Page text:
When this posthumous live release containing two performances by Ronnie James Dio and the most classic incarnations of his eponymous band at the Donington Monsters Of Rock Festival (’83 and ’87, as the title suggests) came across my desk for review, my only dilemma was which concert to put on first. The 1983 show has the Holy Diver lineup—Dio, guitarist Vivian Campbell, bassist Jimmy Bain and drummer Vinny Appice who left Black Sabbath with the lead singer—but the 1987 show has more Dio material. This is reasonable, since only Holy Diver had been released in ’83, but four years later meant three additional albums; The Last In Line, Sacred Heart and Dream Evil, which they were touring to support.
I can’t imagine what it must have been like to be one of the tens of thousands of people in the UK to see Dio at Donington, and I think had I spent the ensuing years listening to a bootleg of the show, I’d probably be annoyed at this official live release, which sounds clean, crisp and clear in the way only a non-bootleg can, but screw it, I never had those boots and I wasn’t there, so I’m glad as hell to have the opportunity to hear these sets now, the added (tragic) context of Ronnie James Dio’s death earlier this year only enhancing my gratitude. Whether it’s the man himself screwing up the lyrics to Black Sabbath’s classic “Neon Knights,” the medley of songs that ties together “All The Fools Sailed Away” and Rainbow’s “Man On The Silver Mountain” or the crowd sing-along to “Long Live Rock And Roll,” if you’re a Dio fan, the Donington live set is going to be a necessity.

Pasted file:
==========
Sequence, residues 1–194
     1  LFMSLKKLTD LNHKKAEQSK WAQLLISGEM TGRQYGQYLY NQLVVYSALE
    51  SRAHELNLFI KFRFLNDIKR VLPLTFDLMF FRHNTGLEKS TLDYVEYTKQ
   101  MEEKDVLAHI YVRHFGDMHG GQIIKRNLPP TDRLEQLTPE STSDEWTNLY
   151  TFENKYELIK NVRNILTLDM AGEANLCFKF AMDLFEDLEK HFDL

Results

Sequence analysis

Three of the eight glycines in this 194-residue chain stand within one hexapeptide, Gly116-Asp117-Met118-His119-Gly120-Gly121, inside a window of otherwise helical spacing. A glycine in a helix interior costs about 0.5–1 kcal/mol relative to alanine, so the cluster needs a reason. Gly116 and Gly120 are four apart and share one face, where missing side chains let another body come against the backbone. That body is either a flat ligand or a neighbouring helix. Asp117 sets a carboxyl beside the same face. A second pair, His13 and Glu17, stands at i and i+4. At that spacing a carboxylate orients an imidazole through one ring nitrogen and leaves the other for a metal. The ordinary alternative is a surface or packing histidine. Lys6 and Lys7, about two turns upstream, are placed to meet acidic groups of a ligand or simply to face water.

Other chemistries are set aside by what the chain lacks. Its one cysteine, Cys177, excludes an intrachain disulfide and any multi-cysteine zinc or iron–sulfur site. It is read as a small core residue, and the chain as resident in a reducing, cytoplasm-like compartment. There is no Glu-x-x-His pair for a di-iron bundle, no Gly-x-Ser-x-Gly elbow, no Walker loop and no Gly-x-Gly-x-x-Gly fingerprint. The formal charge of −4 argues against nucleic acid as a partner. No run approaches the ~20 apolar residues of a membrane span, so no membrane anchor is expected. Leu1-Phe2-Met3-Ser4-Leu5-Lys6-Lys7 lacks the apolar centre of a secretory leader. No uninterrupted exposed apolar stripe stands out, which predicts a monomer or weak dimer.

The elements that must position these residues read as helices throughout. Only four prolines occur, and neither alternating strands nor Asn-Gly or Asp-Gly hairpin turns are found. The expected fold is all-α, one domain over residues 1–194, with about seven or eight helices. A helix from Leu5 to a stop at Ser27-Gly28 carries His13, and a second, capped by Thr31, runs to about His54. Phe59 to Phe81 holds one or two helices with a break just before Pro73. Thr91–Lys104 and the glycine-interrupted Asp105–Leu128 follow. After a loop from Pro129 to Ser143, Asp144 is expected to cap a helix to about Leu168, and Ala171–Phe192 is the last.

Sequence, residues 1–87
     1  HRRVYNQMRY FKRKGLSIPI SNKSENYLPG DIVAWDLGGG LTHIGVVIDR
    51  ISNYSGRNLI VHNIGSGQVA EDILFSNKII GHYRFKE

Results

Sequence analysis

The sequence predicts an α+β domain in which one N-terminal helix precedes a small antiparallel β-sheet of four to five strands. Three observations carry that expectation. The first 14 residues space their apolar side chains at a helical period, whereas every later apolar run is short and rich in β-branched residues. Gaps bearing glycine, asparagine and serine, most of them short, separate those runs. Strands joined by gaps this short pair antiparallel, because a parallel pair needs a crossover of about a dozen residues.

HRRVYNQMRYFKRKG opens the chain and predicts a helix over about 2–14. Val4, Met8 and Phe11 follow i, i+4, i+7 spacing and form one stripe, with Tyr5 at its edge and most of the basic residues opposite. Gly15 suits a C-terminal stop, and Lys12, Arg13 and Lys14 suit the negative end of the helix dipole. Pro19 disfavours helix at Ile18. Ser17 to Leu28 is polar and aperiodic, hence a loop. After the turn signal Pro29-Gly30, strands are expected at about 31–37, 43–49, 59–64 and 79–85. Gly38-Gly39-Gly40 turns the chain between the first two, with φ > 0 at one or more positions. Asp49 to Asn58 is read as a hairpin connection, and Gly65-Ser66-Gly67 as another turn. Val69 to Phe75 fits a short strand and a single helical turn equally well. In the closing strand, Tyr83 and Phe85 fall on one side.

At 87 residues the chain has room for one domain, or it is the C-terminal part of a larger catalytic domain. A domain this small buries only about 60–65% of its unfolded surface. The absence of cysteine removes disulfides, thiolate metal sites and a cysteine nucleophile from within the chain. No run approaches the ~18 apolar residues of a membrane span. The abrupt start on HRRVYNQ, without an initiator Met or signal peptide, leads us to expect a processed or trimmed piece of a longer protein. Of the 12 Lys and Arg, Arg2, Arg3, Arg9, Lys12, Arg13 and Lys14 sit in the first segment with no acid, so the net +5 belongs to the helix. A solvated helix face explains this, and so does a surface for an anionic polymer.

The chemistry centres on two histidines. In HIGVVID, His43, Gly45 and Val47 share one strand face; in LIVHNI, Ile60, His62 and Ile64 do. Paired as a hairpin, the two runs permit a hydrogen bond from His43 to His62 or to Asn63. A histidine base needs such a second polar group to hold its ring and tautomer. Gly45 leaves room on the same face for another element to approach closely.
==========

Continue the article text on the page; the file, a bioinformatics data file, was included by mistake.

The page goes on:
The band is a little rawer in 1983, but there’s no arguing that Dio himself was at the height of his powers. There’s more Sabbath and Rainbow material, and he sounds positively blazing on it. Again, it’s a package for fans, but if you’re just discovering Ronnie James Dio and his many works, Dio At Donington UK: Live 1983 And 1987 is a good way to continue the introduction. Extensive liner notes and replica backstage passes serve as icing on the cake of the recordings themselves.
In A Word: Legendary